# Need help solving functional analysis problem

hello everyone!
I had a stuck in solving problem for a week now, so need help.

the problem is as follows.

In a closed interval $I=[0,\pi]$, the 2-times continuously differentiable function $\phi(x)$ and $\psi(x)$ meet the following conditions (they're ranged in $\mathbb{R}$).

$\psi ''(x)+\psi(x)=\phi ''(x)+\phi(x)=0$

Assume $f(x)$ be a continuous function defined in $I$, and let $G(x,y), u(x)$ as followings.
$$G(x,y)=\Bigg\{\begin{array}{l}\phi(x)\psi(y)\quad (0\leq y\leq x\leq \pi) \\ \psi(x)\phi(y)\quad (0\leq x\leq y\leq \pi) \end{array} \\\\ u(x)=\int^\pi_0 G(x,y)f(y)dy$$

Now my question is, what would be a proof for the equation: $u''(x)+u(x)=Wf(x)$ (for $\exists W$ is a constant).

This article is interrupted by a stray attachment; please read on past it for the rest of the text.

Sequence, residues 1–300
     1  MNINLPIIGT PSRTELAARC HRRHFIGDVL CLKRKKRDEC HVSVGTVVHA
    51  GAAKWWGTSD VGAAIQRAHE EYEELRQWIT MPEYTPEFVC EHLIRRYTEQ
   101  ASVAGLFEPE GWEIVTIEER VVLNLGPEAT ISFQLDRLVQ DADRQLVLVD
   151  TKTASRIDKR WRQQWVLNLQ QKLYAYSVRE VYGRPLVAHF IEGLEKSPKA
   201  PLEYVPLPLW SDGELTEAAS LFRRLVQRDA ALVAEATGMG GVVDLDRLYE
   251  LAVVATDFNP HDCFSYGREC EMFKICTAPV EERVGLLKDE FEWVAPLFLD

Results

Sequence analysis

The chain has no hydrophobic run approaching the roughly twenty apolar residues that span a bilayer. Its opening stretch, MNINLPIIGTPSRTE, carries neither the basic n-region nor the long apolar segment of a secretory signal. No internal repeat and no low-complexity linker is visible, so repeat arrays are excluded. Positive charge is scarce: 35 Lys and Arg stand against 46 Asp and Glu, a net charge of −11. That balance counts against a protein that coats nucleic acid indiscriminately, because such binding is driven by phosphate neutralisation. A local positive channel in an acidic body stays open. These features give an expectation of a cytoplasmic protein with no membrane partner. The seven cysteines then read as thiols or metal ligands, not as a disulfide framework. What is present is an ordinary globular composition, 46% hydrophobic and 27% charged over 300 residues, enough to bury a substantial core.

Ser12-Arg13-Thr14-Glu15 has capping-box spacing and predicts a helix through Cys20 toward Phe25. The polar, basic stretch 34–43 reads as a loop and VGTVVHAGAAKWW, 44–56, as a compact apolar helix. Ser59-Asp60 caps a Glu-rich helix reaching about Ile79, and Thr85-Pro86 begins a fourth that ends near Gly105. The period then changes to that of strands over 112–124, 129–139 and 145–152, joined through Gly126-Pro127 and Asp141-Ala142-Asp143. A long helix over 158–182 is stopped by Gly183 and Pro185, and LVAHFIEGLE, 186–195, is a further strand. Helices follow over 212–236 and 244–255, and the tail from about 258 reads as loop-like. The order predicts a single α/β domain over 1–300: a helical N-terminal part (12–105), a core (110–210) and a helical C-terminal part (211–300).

I found u''(x)+u(x) constantly becomes 0 (for reason that $u''(x)=\displaystyle{\int^\pi_0 \frac{\partial^2G(x,y)}{\partial{x}^2}f(y)dy} = -u(x)$).

Any hidden concept or my ignorance makes this so hard?

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$$u(x)=\int^\pi_0 G(x,y)f(y)dy = \int_0^x G(x, y) f(y) dy+ \int_x^{\pi} G(x, y) f(y) dy \\ = \int_0^x \phi(x) \psi(y) f(y) dy+ \int_x^{\pi} \psi(x) \phi(y) f(y) dy \\ = \phi(x) \int_0^x \psi(y) f(y) dy+ \psi(x)\int_x^{\pi} \phi(y) f(y) dy$$

Differentiate this carefully and you will see that your conclusion ## u''(x) = -u(x) ## is incorrect.

>voko
with your denotation, I found that $u''=-u+(\phi '\psi-\psi '\phi)f$ conveys the 1st differencial of $\phi '\psi-\psi '\phi$equals to 0 leads its constancy.
Thank you!

##\phi '\psi-\psi '\phi ## is not zero generally. It is a constant. The two functions are solutions of y'' + y = 0, and the general form of the solution is well known. Use it to prove the constancy of ##\phi '\psi-\psi '\phi ##.